The future of breakfast could get a little funky

Kellogg’s is partnering with top chefs to learn what people want for breakfast.
Kellogg’s is partnering with top chefs to learn what people want for breakfast.
Image: AP Photo/Bruce Crummy
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Don’t worry, bacon-infused soy milk is not about to be on the breakfast table. But it did appear during some recent under-the-radar market research done by Kellogg.

The cereal giant has been reaching out recently to high-profile chefs, including the James Beard award-winning Danny Bowien of Mission Chinese Food, in search of inspiration. The goal: To get a better feel for the pulse of what people are craving for breakfast.

Here’s what they’re not craving—at least not as much as they used to:

What they want more of are breakfasts from restaurants, breakfasts on rolls, breakfasts with the protein of yogurt or the portability of a snack bar—meaning fewer Americans are putting cereal on the breakfast table, if they’re sitting down to a breakfast table at all.

The decline of dry cereal as a morning staple has been especially painful for Kellogg, which reported a year-over-year decline of $20 million, or 2.6%, in third-quarter sales from its “US morning foods” segment.

Just how dry cereal brands like Kellogg’s rejuvenate is a big and evolving question, especially as consumers demand foods with less artificial flavors and ingredients. Kellogg hopes that working with chefs can help it arrive at an answer. Bowien’s contribution to the effort involves mixing Kellogg’s products such as Raisin Bran, Corn Pops, and Frosted Mini-Wheats into his own culinary style.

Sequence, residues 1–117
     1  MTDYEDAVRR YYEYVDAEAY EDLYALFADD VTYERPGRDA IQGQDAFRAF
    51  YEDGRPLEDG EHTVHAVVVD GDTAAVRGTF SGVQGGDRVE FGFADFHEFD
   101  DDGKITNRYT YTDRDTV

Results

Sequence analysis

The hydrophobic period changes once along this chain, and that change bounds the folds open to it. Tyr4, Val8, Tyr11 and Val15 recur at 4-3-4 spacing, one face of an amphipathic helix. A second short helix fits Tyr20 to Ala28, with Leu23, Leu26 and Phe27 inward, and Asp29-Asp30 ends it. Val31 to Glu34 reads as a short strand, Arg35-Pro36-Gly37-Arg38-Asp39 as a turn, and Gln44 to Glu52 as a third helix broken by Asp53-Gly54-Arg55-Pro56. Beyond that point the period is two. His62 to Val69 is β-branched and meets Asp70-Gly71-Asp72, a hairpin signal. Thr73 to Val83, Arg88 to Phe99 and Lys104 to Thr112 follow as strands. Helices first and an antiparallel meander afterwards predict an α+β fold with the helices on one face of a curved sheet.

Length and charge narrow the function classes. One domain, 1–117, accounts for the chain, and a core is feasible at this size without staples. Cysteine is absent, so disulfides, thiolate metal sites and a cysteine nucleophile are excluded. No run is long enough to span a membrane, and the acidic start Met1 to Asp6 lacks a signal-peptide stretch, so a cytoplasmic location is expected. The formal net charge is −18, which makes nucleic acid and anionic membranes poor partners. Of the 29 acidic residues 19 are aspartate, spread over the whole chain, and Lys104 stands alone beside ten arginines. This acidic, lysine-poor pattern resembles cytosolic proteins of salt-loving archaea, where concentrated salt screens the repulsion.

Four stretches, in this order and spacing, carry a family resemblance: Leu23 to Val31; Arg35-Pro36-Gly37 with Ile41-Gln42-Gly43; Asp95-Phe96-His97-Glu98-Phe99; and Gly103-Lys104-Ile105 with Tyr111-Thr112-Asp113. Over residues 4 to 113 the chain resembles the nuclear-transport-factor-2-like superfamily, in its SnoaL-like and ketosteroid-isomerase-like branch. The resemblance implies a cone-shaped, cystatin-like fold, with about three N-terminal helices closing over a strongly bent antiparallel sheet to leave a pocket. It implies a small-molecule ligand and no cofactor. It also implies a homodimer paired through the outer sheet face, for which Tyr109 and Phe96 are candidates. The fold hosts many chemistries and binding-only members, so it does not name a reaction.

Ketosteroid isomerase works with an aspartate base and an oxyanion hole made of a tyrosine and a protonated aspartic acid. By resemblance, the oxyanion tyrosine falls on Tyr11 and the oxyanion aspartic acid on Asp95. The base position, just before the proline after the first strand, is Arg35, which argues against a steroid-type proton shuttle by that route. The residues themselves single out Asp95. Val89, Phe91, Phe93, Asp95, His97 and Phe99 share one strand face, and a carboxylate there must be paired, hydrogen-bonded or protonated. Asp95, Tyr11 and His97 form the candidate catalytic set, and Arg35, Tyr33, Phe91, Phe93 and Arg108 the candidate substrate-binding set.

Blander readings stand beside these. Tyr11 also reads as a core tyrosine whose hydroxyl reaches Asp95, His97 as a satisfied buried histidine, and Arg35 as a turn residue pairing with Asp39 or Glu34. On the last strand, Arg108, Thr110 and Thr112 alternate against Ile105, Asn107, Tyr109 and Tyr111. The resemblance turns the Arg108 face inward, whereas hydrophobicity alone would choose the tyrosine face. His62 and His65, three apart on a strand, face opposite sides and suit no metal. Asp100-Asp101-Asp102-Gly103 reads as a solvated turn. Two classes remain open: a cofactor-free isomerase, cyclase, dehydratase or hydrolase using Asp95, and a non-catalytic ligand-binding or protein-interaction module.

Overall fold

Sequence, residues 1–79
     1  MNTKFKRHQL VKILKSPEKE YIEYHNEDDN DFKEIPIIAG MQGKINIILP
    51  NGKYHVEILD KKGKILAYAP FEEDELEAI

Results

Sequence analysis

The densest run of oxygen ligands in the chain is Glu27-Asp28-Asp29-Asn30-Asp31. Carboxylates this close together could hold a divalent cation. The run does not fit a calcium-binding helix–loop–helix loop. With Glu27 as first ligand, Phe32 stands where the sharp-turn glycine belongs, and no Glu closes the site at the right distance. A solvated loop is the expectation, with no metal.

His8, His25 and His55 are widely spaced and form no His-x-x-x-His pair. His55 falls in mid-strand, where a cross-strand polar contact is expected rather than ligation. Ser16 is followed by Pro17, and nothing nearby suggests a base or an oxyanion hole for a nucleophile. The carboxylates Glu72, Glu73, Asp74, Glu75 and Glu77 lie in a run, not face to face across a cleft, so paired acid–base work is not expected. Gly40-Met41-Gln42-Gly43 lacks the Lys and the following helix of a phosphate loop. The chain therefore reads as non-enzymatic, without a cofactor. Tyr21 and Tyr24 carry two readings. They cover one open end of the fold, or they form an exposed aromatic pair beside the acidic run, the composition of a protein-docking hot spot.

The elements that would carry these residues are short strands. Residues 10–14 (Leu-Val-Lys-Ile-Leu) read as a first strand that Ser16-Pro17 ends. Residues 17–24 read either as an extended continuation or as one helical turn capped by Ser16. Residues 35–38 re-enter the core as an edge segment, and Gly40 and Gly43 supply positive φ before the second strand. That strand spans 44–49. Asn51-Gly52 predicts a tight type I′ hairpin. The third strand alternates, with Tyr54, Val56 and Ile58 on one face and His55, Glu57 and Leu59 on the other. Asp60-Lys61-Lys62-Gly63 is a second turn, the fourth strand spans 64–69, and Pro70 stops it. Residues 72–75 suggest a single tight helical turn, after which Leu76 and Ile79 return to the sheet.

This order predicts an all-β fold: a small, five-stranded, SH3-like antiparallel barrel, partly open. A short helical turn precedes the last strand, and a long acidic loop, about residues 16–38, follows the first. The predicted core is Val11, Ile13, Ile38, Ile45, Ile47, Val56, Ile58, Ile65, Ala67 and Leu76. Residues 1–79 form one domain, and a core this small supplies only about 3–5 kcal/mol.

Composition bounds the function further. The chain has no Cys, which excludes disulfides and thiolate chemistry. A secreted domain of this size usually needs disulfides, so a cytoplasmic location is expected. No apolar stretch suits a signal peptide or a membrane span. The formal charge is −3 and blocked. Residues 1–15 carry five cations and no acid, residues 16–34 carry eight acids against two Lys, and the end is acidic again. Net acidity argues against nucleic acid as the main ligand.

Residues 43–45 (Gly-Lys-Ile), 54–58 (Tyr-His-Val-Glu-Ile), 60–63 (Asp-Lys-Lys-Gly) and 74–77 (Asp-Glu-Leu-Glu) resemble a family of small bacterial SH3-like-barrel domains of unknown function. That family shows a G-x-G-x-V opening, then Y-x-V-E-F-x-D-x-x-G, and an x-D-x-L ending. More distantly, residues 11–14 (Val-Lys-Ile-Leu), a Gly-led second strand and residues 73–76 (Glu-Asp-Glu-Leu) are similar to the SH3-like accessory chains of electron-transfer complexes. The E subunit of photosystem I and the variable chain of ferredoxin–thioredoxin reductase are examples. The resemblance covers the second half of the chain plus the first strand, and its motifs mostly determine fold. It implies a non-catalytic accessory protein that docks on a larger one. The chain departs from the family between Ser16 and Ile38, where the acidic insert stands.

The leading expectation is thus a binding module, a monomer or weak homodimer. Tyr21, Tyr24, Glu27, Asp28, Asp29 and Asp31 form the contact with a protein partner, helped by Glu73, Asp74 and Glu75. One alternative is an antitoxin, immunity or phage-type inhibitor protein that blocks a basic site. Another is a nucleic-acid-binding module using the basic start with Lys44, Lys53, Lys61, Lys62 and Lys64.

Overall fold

For three days in December, Mission Chinese Food in New York, the lauded outpost of the San Francisco original—is serving Bowien’s concoctions. They include braised Raisin Bran in almond milk with agave and lime, served with spicy mapo tofu; and Corn Pops were stirred into bacon-infused soy milk, topped with a fried egg, and served with thrice-cooked bacon..

At a recent taste test at the restaurant, Bowien described the collaboration as a chance to “stir up people’s perception of breakfast.” For Kellogg’s, it will be chance to gauge diners’ reactions and pick their brains about the kinds of flavors and experimentation they’re willing to indulge in their morning meals.